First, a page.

In this parish ( St Cuthbert ) is that famous and well-known spring of water, called Holy Well, so named, the inhabitants say, for that the virtues of this water were first discovered on All Hallow's Day. The same stands in a dark cavern of the sea cliff rocks, beneath full sea-mark on spring tides. The virtues of the waters are, if taken inward, a notable vomit, or as a purgent. If applied outward, it presently strikes in, or dries up, all itch, scurf, dandriff, and such-like distempers in men or women. Numbers of persons in summer season frequent this place and waters from countries far distant. It is a petrifying well.
  6. Turn left onto the coast path and go through the kissing gate onto The Kelseys. Follow the coast path to another kissing gate.

    The shipwreck visible at low tide on Holywell beach is generally thought to be the remains of the SS. Francia, a 700 ton steam-powered Argentinean coaster. It was wrecked in 1917 shortly after setting out from Newquay with a cargo of coal. However, some reports state that the Francia sank 4 miles offshore, so exactly what happened is a bit of a mystery.

  7. Go through the kissing gate and follow the coast path, across Kelsey Head, until you reach a fork in the path.

    Look out for Fulmars which nest along the cliff faces. You'll often see them soaring over the tops of the cliffs as they circle in to land.

    The fulmar is a grey and white bird related to an Albatross although it can be mistaken at a distance for a gull. Close up, the beak is the giveaway: the fulmar has a tube on its beak which is visible as a black bar across the beak at a distance. The tube is a gland for excreting salt from the seawater that they drink. As a defense mechanism, the fulmar regurgitates foul smelling oil from its stomach - the name comes from the Old Norse for "foul" (full) and "gull" (mar). The oil, potentially fatally disrupts the waterproofing of predatory birds' feathers in a similar way to a crude-oil spill, so they avoid preying on fulmars.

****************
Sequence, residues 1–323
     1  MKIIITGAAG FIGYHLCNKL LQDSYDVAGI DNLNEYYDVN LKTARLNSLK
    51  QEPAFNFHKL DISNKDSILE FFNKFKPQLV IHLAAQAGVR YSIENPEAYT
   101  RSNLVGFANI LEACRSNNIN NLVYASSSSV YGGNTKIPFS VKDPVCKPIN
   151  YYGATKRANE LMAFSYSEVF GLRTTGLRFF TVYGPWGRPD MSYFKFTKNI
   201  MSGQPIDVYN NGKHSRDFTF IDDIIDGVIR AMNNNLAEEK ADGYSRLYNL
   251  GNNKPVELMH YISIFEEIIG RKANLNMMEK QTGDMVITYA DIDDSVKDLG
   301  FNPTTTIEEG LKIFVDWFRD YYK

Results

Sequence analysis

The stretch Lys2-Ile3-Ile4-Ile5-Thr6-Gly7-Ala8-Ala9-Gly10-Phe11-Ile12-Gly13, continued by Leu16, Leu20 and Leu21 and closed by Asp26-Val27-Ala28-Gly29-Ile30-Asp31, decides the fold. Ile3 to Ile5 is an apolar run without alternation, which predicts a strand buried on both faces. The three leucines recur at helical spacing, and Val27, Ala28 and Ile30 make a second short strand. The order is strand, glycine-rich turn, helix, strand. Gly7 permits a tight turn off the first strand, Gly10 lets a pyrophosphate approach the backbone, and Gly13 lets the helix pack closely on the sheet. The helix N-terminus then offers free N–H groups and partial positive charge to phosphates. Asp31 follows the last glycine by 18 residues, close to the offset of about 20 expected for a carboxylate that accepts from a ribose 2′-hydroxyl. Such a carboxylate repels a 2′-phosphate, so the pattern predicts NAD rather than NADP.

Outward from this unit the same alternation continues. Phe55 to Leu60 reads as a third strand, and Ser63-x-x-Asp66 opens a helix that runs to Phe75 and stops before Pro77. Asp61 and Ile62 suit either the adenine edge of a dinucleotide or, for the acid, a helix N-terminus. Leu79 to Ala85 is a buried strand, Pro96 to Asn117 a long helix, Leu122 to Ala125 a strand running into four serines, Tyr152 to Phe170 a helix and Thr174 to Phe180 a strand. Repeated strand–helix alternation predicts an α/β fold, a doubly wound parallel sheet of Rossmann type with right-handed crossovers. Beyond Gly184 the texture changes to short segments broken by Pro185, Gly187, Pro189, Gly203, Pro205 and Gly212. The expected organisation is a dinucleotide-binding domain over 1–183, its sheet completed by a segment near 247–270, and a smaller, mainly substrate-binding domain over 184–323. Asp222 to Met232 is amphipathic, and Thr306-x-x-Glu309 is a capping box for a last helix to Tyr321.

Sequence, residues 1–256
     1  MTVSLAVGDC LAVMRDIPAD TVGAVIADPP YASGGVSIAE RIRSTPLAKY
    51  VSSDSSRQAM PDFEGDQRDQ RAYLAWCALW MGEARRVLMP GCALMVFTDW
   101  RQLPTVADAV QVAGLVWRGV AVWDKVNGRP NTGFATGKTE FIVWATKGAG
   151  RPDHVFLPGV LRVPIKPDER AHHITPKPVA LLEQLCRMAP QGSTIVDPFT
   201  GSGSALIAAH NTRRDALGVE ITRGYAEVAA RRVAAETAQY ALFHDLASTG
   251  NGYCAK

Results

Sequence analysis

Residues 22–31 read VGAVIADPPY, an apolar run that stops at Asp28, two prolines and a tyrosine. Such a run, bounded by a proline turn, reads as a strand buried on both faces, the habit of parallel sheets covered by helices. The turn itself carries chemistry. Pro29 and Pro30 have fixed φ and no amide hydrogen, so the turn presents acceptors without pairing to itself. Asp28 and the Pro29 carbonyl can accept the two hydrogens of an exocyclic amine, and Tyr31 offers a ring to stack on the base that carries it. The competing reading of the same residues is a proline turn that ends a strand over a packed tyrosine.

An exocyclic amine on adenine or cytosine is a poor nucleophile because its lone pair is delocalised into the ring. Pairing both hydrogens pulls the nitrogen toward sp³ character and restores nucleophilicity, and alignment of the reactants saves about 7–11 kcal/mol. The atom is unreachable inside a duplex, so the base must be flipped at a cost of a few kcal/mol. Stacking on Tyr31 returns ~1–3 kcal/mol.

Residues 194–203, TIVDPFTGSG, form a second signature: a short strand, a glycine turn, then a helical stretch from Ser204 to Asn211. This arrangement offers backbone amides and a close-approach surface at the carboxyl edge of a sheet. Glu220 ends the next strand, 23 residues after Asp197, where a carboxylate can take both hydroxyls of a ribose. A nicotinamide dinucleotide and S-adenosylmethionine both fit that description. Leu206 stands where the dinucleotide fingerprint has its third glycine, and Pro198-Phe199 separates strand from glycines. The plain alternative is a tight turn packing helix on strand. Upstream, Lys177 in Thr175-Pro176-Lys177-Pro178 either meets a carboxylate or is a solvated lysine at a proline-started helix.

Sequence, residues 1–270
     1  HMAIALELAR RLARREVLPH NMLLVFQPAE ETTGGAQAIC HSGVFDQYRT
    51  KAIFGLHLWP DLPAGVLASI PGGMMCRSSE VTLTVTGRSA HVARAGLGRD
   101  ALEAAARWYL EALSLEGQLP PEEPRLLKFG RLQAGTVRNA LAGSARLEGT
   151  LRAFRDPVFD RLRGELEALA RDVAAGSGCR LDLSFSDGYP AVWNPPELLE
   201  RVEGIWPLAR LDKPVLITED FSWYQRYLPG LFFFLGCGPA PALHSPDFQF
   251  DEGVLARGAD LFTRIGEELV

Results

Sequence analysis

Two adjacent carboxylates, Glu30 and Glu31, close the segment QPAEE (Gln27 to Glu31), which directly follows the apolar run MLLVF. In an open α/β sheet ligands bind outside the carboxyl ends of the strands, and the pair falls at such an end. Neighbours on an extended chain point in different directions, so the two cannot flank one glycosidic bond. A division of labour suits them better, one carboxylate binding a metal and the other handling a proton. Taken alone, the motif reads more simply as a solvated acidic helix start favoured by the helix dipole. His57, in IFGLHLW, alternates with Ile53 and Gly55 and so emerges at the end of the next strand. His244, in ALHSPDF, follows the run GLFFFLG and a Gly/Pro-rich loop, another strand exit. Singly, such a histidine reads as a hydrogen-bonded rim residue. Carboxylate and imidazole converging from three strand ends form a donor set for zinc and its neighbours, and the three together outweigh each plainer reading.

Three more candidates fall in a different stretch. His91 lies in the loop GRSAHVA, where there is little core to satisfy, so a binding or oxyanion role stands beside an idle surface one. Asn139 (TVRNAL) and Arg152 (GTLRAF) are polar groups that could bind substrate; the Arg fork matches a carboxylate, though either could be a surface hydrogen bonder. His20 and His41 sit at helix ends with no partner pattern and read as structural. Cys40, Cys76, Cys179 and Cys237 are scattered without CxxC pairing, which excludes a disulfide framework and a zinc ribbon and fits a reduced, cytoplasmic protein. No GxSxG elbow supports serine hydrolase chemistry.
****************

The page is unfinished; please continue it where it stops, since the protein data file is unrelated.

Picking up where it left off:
8. At the fork in the path, keep left until you reach another fork in the path where the path from the right rejoins.

    Also on the offchance that you see any black birds with red legs...

    The chough is a member of the crow family, with striking red legs and a red beak. It was known as the "Crow of Cornwall" and appears on the county coat of arms. The birds have a distinctive call which is perhaps best described as resembling a squeaky dog toy! They are also recognisable from feathers, spread like fingers, on their wings.

    In the 1800s, many choughs were killed by "sportsmen" and trophy hunters. Also around this time, grazing livestock were moved to inland pastures where they could be more easily managed. The result was that the cliff slopes became overgrown and choughs found it increasingly difficult to find suitable feeding areas. By 1973, the chough had become extinct in Cornwall.

    Since then, clifftops have been managed more actively which has included the reintroduction of grazing and choughs have returned to Cornwall by themselves from colonies in Wales or Ireland. The first pair settled in 2001 on the Lizard Peninsula. Since then, the birds have successfully bred and been joined by a few more incoming birds, and the population has slowly but steadily grown. Each chough is fitted with one leg ring in the colours of St Piran's flag and two other colours on the opposite leg to identify them.

    Although the principal populations are around Lands End and The Lizard, choughs have been sighted on a few occasions on the North Coast around the Newquay beaches. If you think you've seen a chough, take a photo if possible and google "chough watch" to report the sighting.

  9. Keep right at the fork and follow the path around the inlet to reach a waymark.

    Thrift is a tough plant, able to withstand salt-laden winds and high levels of copper in the soil from mining. The name "thrift" has been suggested to arise from the plant's tufted leaves being economical with water in the windy locations where it is found. It's common all along the Cornish coast and in April-June produces pale pink flowers, hence its other common name: "Sea Pink". The plant grows in dense circular mats which together with its covering of pink flowers gives rise to another less common name: "Ladies' Cushions".